A recent article in the New York Times discusses the brand new Cornell NYC Tech school, a graduate school designed to teach applied science - the art of being a technological entrepreneur. The classes are taught by businessmen and women, and the students share space with businesses who’ve set up shop in the building, donated by Google. According to the article, “Cornell NYC Tech is not just a school, it is an “educational start-up,” students are “deliverables” and companies seeking access to those students or their professors can choose from a “suite of products” by which to get it.”
Surrounding the students with companies and corporations who seek to access them could restructure current theories about education. This game-changing school could set up a new model for education - if it can successfully navigate the barriers surrounding the culture clash. The school seems to be walking a fine line, potentially setting up students to work, unpaid, for businesses.
Daniel Huttenlocher, dean of Cornell NYC Tech, is all-too-aware of the potential issues and conflicts of interest this model could bring. He said,
“I think there are lots of risks in trying to bring what are fundamentally different cultures and sets of goals together. Companies need to make a profit. Universities have different motives — partly societal good, partly education — and that leads to different value systems.” He points out a possible ethical dilemma, saying, “[I]f a student that a faculty member is advising is working at a company that the faculty member has a financial interest in, is the faculty member really keeping students’ interests in mind?”
The school could potentially change the nature of academia, at least among a small subset of students. Whether or not this school-cum-business will usher in a new era of college education remains to be seen. The traditional model, many people believe, is no longer effectual in training students to face the modern-day truths of the working world.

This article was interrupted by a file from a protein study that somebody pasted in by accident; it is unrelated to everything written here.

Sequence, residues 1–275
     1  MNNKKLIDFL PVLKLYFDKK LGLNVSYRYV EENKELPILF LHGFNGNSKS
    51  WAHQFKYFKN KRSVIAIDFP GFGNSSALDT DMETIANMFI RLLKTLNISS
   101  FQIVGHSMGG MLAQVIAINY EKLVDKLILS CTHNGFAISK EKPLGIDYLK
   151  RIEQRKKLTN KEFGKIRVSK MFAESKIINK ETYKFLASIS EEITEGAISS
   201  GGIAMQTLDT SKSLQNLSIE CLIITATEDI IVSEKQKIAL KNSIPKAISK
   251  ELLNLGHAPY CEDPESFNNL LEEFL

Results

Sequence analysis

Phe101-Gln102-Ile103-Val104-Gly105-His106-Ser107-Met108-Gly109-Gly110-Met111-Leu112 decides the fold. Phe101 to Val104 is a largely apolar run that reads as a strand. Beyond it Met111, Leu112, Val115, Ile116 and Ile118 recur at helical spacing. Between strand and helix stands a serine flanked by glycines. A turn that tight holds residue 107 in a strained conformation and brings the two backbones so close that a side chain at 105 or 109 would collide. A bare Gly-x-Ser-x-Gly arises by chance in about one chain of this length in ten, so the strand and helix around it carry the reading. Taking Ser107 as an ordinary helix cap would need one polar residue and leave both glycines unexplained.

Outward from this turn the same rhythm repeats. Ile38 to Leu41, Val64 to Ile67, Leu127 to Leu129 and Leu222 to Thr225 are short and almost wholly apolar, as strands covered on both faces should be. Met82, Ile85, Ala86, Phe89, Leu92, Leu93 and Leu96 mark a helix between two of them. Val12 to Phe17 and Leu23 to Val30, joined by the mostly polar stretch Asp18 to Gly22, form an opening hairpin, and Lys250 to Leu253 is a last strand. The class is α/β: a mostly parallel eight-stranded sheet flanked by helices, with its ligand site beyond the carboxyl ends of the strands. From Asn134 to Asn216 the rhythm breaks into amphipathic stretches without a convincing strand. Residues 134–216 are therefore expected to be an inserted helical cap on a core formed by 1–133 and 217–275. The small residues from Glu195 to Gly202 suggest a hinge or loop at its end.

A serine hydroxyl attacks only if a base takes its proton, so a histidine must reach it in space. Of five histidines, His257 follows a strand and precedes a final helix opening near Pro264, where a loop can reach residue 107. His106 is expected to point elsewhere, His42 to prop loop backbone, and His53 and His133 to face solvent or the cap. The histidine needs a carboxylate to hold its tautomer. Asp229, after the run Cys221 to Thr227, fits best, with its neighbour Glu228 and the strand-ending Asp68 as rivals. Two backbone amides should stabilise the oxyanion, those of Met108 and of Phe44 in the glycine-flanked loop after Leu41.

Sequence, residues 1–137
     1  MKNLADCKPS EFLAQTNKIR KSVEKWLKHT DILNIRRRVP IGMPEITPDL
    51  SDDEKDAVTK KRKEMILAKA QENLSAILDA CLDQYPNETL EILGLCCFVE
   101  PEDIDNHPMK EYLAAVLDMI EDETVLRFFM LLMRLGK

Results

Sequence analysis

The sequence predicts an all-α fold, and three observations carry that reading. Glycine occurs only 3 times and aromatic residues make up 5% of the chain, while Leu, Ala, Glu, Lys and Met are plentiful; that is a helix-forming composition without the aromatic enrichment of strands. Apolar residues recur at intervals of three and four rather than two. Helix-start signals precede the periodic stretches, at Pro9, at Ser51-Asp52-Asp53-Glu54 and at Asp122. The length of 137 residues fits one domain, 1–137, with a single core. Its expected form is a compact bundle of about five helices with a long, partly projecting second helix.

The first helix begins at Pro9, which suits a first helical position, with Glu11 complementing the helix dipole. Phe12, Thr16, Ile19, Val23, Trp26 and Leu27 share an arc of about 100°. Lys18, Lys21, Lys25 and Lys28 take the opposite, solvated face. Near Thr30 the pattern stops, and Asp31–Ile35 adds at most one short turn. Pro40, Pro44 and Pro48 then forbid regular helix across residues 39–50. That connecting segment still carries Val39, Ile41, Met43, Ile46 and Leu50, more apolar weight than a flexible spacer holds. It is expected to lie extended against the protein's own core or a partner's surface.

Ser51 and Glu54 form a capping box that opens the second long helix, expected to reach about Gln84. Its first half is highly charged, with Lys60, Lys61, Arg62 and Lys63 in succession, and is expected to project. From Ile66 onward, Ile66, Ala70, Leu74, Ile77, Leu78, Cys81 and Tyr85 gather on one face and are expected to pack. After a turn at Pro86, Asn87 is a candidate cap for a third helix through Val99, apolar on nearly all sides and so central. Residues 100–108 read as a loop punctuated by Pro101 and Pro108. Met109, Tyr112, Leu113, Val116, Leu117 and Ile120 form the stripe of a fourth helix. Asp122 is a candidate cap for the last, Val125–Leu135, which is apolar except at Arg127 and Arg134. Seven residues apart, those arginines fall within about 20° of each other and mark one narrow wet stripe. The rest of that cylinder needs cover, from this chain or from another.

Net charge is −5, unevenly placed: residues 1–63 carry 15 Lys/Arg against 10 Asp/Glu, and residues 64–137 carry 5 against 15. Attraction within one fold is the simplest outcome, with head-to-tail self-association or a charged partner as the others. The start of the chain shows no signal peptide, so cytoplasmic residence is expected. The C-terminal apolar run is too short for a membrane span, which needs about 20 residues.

Of course, whether or not education works is a highly situational question. For example, Michael Sweeney, a managing partner at Film Annex Capital Partners, graduated from Boston College in 1984, going on to receive his M.B.A. in 1989 from The Johnson Graduate School of Management at Cornell University. His “traditional” degree has helped him achieve his position today.
Francesco Rulli went the Steve Jobs and Bill Gates route. Francesco is a high school graduate from Florence Highpoints out, “It depends on the educational stage. For a kid that needs money tomorrow, it’s a different story than a trust fund kid who can stay in school forever.” Whether or not a typical education works depends on each person and their situation.
One place where a typical education could work quite nicely is in Afghanistan. Fewer men and women in Afghanistan have an education, which is why Citadel of New York LLC, along with Film Annex Capital Partners, have founded the Afghanistan Development Project. This initiative connects students in Afghanistan with others from around the world via the Internet and social media. There’s no question that a standard college education will help them succeed.
At the end of the day, the educational model students choose depends on what their needs are and what their background is. Some students can afford to pay nearly $50,000 a year to essentially work for free, while others, like those in Afghanistan, don’t have that luxury.